Arrival of Loreto in Darjeeling, 1846 “A HALF-WAY HOUSE TO PARADISE”


Darjeeling, about 7,000ft above the plains, dominated by the eternal snows of Kanchen-junga, inspires a sense of beauty, mystery and awe. This was the feeling of the first Sisters on arrival at Darjeeling on 10th October 1846. It was the beauty of the Darjeeling ridge, and the healthy climate it enjoyed that convinced Archbishop Carew to plead for a “Branch School of Loreto House (Calcutta)” in Darjeeling. After a perilous journey by riverboat up the Hooghly, and then by ‘palki’ up the steep mountain sides, the first batch of three Sisters, with Sr. Teresa Mons as Superior, together with a postulant and an orphan girl, arrived at ‘Snowy View’, on Birch Hill, Darjeeling, where the Sisters were to stay for six months, till the Convent, at the present site, near Lloyd Botanical Garden, and the Hill Cart Road, was built. It was a time of getting to know the town and its people and institutions, and immediately the Sisters made some good friends in the town. By May 1847, the Convent was ready, and the nuns moved their scanty possessions there. The simple Convent of lath and latticework did good service for forty years, was added to, but not pulled down, till the present stone building was erected.

All great achievements have small beginnings, and so it was that Loreto Convent Darjeeling began with only five pupils in the first year. But the Sisters, with their charming smiles, their harmonious “papist” hymns, and the devotion of the students to their Sisters, won over the confidence and trust of the parents till ‘Loreto’ became a household word in Darjeeling homes. The Convent School was the only educational establishment in Darjeeling, till St. Paul’s School moved up in 1864 – some eighteen years later.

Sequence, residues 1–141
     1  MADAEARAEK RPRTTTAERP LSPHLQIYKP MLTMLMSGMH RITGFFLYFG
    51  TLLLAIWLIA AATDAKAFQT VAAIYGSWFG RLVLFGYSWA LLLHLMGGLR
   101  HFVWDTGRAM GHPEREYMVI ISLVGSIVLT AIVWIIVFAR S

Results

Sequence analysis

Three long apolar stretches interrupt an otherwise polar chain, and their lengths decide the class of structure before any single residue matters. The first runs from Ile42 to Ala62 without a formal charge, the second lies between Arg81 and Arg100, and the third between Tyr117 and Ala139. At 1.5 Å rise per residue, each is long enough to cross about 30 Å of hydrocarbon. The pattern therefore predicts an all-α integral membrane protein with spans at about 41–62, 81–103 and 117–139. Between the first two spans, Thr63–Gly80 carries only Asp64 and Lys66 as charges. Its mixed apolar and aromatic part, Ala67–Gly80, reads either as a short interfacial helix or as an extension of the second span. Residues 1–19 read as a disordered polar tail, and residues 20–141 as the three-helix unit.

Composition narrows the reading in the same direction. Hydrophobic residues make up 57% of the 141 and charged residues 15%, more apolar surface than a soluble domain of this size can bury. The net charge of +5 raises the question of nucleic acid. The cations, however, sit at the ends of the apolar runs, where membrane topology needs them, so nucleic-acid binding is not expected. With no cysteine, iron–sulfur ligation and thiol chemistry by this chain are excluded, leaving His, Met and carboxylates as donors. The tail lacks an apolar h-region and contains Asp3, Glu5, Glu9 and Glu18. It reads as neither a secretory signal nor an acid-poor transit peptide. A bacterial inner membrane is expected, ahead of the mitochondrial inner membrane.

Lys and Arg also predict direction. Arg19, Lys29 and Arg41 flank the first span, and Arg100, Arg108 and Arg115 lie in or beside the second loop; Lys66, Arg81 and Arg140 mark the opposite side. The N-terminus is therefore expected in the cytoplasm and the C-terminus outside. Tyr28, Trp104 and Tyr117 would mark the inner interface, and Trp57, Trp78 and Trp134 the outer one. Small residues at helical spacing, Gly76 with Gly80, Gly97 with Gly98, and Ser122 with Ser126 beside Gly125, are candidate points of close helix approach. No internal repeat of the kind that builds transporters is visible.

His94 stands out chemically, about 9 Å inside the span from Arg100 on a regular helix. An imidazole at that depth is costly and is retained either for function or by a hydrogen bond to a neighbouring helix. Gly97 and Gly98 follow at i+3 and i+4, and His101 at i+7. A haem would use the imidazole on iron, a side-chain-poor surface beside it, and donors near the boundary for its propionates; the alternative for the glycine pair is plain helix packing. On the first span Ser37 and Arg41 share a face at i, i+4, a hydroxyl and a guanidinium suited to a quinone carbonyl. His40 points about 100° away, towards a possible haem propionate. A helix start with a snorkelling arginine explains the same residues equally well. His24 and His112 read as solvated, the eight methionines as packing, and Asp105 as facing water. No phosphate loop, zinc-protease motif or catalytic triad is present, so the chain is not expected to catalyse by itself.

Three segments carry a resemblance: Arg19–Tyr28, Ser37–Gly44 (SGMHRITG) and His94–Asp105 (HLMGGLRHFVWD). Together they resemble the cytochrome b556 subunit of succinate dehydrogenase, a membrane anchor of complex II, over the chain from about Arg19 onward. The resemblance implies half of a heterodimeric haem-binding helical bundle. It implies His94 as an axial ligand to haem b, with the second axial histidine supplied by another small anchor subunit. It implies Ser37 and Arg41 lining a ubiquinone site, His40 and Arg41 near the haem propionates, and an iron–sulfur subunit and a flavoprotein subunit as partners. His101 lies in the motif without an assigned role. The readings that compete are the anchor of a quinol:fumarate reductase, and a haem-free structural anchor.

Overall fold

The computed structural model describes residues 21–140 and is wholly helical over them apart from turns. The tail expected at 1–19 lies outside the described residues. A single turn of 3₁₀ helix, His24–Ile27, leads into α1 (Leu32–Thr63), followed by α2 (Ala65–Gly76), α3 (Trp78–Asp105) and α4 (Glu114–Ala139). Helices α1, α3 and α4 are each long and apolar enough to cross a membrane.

The life of the early sisters was frugal, as witnessed by their Accounts Book. At times it must have been an extremely lonely life, but the ministry flourished. There were frequent reports in newspapers of excellent concerts, and the children’s “proficiency in English, French, Music and Drawing”. As a tribute to the pioneering education of Loreto, the Government exempted the whole convent property from income tax! For the Community, what a relief and joy!
While the Sisters were still struggling to establish the school, changes in ecclesiastical jurisdiction put the Darjeeling Convent under the diocese of Patna the following year, in 1847. This meant, among other things, that the Darjeeling community, along with Lucknow and Shimla, were cut off from Loreto House and its affiliations. This was a nasty blow to the new foundation, and reunion would only take effect some thirty-three
years later. But all this had to be taken in its stride, as the Sisters worked tirelessly for establishing a good educational foundation in Darjeeling, their sole purpose being to build up the women of India, through their English and, later, Nepali medium school, their success being in no small measure to their ardent desire to serve the Greater Glory of God, and the good of the Country and Church.

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